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Here's What Bugs Me About Caitlyn Jenner's Vanity Fair Cover

Here's What Bugs Me About Caitlyn Jenner's Vanity Fair Cover

First let me say congratulations. Congratulations to Caitlyn Jenner for her transition and for creating a larger platform for the general public to engage in conversations about the transgender experience. I am also excited that she has decided to use her celebrity status to continue the discussion and become a social advocate for this issue. While in no way do I take away from Caitlyn’s journey and ultimate triumph over social pressure to contain herself, as she indicated how hard this process was especially due to her celebrity status, there was something that bugged me. As the media storm hit yesterday about Caitlyn’s new identity, and cover on Vanity Fair, I began to think about the narratives I have been privileged to hear, and thought about the stories that are untold, and the continuing struggle of what we hold as a “valid” transition. Below I present three main topics I thought about in relation to the images and conversations I saw yesterday.

Passing: While Caitlyn Jenner has gone through extensive surgeries to create her look, there are many individuals who the public perceives as “not passing as a woman.” While many who transition are starting younger and younger, which will help in the look of their chosen gender, there are many who have started their physical transformation much later in life. These individuals continue to face struggles on how the public interprets and ultimately engages with them. “Is it just a man in a dress?” “He doesn’t look like a woman.” These are some comments I have personally heard said in reference to women who have transitioned, but aren’t as privileged (or simply have no interest) to change their physical appearance in the way Caitlyn has.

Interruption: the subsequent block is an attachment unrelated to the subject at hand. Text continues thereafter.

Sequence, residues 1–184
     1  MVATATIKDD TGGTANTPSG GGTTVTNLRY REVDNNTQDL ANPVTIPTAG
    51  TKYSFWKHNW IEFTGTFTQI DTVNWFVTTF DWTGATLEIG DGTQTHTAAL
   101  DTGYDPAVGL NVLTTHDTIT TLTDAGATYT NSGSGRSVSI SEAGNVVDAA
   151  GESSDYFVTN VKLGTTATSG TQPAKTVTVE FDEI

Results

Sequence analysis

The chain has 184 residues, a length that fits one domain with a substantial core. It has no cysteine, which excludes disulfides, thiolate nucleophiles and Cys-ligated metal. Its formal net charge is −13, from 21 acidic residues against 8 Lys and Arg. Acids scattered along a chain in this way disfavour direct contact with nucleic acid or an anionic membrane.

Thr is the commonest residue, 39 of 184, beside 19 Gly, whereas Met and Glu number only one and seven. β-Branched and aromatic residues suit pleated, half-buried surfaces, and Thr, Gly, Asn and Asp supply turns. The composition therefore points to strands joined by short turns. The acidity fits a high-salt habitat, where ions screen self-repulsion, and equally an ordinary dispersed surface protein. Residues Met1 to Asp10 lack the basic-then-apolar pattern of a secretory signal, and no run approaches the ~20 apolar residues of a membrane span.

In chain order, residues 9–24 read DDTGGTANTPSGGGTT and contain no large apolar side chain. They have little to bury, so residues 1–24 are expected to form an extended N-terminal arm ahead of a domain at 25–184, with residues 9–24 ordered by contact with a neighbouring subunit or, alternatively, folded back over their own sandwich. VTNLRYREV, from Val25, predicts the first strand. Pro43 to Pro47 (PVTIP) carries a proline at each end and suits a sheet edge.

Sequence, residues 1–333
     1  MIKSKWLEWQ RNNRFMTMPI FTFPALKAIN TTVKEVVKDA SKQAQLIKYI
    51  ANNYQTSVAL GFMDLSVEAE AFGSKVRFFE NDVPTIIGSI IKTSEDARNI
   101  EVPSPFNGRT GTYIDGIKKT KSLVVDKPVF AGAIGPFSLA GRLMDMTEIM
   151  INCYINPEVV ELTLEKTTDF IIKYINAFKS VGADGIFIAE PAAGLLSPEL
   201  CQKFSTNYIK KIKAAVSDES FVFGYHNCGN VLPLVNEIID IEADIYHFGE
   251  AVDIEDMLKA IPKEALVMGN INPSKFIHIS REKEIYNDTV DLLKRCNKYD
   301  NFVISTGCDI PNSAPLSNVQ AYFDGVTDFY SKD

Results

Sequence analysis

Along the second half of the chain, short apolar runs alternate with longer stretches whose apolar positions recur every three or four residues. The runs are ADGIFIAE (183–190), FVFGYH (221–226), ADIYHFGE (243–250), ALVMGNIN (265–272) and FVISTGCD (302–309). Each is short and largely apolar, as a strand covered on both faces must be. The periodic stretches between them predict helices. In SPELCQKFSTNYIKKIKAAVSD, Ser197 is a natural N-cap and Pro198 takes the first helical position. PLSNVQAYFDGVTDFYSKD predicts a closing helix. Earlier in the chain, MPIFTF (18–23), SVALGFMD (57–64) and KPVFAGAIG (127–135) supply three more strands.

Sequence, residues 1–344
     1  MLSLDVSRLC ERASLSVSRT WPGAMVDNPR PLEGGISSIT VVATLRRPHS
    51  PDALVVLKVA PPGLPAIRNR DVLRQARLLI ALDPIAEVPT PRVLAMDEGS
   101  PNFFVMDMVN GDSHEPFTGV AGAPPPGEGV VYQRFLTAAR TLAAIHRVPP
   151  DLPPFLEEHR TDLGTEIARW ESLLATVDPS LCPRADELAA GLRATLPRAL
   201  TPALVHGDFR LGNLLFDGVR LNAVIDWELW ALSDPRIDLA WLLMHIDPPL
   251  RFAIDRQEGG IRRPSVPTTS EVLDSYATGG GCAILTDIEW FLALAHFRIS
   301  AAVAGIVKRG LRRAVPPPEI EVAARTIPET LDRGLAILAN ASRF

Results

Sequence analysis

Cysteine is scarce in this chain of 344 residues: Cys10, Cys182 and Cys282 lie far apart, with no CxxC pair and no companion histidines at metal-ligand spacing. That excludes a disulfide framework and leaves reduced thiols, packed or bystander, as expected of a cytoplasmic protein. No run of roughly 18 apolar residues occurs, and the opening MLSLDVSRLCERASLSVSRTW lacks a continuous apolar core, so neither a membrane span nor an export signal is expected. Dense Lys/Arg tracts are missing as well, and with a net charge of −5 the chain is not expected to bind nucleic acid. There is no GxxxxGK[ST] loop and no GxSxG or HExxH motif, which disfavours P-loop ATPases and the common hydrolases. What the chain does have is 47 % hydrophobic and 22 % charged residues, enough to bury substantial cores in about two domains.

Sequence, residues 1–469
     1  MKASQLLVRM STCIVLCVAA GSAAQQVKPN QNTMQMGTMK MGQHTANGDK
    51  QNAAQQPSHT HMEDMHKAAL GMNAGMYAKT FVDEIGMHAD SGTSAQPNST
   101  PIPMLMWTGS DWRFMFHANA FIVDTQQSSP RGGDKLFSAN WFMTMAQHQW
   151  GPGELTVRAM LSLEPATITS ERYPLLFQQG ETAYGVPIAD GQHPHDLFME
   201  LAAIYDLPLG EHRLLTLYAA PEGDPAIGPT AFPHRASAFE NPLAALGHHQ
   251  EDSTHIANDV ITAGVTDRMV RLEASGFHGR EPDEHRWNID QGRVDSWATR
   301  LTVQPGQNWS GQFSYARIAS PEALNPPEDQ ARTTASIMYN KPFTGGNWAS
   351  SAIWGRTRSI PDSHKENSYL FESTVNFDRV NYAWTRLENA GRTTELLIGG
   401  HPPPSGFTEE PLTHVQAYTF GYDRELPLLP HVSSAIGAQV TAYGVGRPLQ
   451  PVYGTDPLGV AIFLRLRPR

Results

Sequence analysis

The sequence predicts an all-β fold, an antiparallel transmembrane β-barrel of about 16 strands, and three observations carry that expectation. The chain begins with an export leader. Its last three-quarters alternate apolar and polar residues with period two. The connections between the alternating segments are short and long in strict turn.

Furthermore there are a growing number of individuals who do not elect to have surgery to live as a different gender, and some who reject gender altogether as a concept. With Caitlyn’s public transformation, my hope that these more nuanced conversations can start to happen in a more public way.

Financial Barriers: Caitlyn has openly admitted that not everyone has the financial resources she had to create the transformation she underwent. Facial reconstruction, breast implants, and vaginoplasty take an incredible amount of money to do. Women have been known to have silicon directly injected into their body to create their desired physical traits, and do so at a tremendous amount of health risk.

Value Based on Beauty: While Caitlyn definitely has some innate beauty characteristics (and Bruce was a pretty handsome guy himself), my concern is what value we place on a woman’s worth. Would Caitlyn be the subject of a Vanity Fair cover, if she didn’t look quite as striking as she is? Feminists have long complained about the amount of importance our society dictates on a woman’s physical beauty. Men are not held to the same standard or accountability to their looks as women are. As many of the fashion magazines remain fixated on one version of often unreachable (and Photoshopped) form of beauty, women’s image will continue to be a central characteristic in how we judge them.

Post Script: I decided to focus this blog entry on the M2F experience because of 1) the Caitlyn Jenner story and 2) the amount of narratives I have personally heard. The F2M experience shares many of these challenges, and have unique struggles of their own that I have not highlighted. I encourage us to remember that the trans experience is different for each individual, but also each gender transition.

1 comment (Add your own)

1. Cemelli de Aztlan wrote:
Insightful! Impactful! Important!

Tue, June 2, 2015 @ 1:11 PM

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Diversity Talks | Victor Santana-Melgoza | Ph: (541) 231-4768 | victor@diversitytalks.com